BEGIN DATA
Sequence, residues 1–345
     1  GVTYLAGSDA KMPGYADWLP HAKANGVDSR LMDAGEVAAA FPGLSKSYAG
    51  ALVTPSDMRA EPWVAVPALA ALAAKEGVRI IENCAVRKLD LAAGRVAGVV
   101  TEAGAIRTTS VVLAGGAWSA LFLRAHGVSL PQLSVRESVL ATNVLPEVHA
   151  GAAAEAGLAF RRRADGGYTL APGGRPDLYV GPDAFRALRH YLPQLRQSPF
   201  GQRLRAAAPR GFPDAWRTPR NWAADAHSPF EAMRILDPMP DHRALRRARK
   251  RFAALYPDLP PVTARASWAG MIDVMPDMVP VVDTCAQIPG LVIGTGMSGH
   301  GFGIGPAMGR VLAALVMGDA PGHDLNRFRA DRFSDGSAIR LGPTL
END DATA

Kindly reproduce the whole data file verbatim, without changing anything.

Sequence, residues 1–345
     1  GVTYLAGSDA KMPGYADWLP HAKANGVDSR LMDAGEVAAA FPGLSKSYAG
    51  ALVTPSDMRA EPWVAVPALA ALAAKEGVRI IENCAVRKLD LAAGRVAGVV
   101  TEAGAIRTTS VVLAGGAWSA LFLRAHGVSL PQLSVRESVL ATNVLPEVHA
   151  GAAAEAGLAF RRRADGGYTL APGGRPDLYV GPDAFRALRH YLPQLRQSPF
   201  GQRLRAAAPR GFPDAWRTPR NWAADAHSPF EAMRILDPMP DHRALRRARK
   251  RFAALYPDLP PVTARASWAG MIDVMPDMVP VVDTCAQIPG LVIGTGMSGH
   301  GFGIGPAMGR VLAALVMGDA PGHDLNRFRA DRFSDGSAIR LGPTL